Monday, May 12, 2008

Children's Books by Fawzia Gilani-Williams

This is a review of a series of books by Fawzia Gilani-Williams. I’ve summarized the plots of the books below and noted some specific issues with each book.
The best feature of these books is their strong themes of self-sacrifice, charity, humility and piety. I do have some hesitations about the receipt of charity (either secular as in “Ihtisham and the Eid Shoes” or miraculous as in “A Poor Widow’s Eid Guest.)
These themes related to poverty may not resonate with North American Muslim children. While stories set in “Muslim countries” are fine, the North American family must balance these with stories set in contemporary urban and suburban North America.
The books published by the Islamic Book Service in New Delhi suffer from poor editing and unidiomatic English (North America).
As of November 27, 2007, none of these books is available at, although the author has six other titles there. Used copies are available from They were not available at (different books by the author available here) or
My strongest recommendation of the books listed here are “The Jilbab Maker’s Eid Gift” and “The Story of Salaam Li and the Dacoits.”

The Jilbab Maker’s Eid Gift. Illustrated by Muslimah Williams. ISBN 983-065-237-8. A.S. Noordeen: Kuala Lumpur, 2007.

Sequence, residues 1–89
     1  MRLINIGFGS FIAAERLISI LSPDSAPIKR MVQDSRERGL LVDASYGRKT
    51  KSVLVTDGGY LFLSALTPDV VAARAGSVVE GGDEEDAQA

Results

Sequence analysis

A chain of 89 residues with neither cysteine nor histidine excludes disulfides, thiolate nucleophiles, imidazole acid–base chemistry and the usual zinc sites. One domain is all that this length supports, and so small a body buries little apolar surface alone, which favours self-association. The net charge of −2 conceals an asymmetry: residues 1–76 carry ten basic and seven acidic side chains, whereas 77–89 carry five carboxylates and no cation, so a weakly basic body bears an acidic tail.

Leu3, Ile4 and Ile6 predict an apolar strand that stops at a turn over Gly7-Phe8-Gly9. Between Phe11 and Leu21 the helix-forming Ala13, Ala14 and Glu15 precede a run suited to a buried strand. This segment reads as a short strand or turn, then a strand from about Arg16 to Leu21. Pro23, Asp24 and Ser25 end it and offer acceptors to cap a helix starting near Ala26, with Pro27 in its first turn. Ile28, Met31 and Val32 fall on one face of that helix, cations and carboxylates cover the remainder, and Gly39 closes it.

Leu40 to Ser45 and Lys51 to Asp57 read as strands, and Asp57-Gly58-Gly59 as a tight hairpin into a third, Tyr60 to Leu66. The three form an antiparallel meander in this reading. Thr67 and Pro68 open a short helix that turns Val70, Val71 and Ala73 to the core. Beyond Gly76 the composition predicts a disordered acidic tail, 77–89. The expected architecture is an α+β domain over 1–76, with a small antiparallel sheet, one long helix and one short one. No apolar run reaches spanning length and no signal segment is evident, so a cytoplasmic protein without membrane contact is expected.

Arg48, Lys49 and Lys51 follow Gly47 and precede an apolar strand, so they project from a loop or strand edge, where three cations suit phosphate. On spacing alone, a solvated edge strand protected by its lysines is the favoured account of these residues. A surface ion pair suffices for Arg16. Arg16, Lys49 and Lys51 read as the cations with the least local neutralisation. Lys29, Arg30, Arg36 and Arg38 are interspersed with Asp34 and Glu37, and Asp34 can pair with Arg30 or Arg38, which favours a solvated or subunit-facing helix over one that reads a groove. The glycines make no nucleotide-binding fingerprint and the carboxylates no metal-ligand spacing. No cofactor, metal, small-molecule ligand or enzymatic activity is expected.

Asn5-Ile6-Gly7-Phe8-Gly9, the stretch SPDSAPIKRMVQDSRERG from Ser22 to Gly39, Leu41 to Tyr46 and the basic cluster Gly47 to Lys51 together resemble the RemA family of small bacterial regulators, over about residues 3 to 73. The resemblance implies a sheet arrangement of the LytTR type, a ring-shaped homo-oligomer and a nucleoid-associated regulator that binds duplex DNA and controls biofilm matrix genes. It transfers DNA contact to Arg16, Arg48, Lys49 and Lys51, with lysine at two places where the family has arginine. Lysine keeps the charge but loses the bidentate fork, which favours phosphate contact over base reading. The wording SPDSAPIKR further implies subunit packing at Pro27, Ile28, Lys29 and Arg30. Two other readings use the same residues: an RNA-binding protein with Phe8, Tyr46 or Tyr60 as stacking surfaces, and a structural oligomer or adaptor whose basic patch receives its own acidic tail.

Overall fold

This story is about a woman who sews jilbabs (dresses) and gives them to the poor. They are “the best around because she put love and kindness into every stitch she sewed.” She never accepted payment, but she did not feel poor. “The Qur’an is my gold, Salah [ritual prayer] is my silver and the smiles of the poor are my diamonds.”
In contrast, her queen required every person in the land to give her a gift. Despite her material treasures, she never felt happy. When she heard of the jilbab maker, she demanded a jilbab as a gift. Upon refusal, she arrested the jilbab maker, who continued to declare that she had promised Allah that she would only give her jilbabs to the poor.
The queen, seeing that detention had not taken away the jilbab maker’s happiness, brought her for more questioning. The jilbab maker advised her to give sadaqa (charity) in order to experience her happiness. The queen tried this out and began to feel the happiness that her possessions never provided.

The Story of Salaam Li and the Dacoits. No illustrator name provided. Islamic Book Service: New Delhi. Not dated. ISBN 81-7231-757-3.

Salaam Li Fayzulayev was an orphan boy in a village of Uzbekistan which a gang of dacoits used to pillage every Eid. After one such occasion, Salaam Li urged the villagers to prepare to fight these brigands. A woman suggested that the village send its young men to learn Wushu (Chinese martial arts.)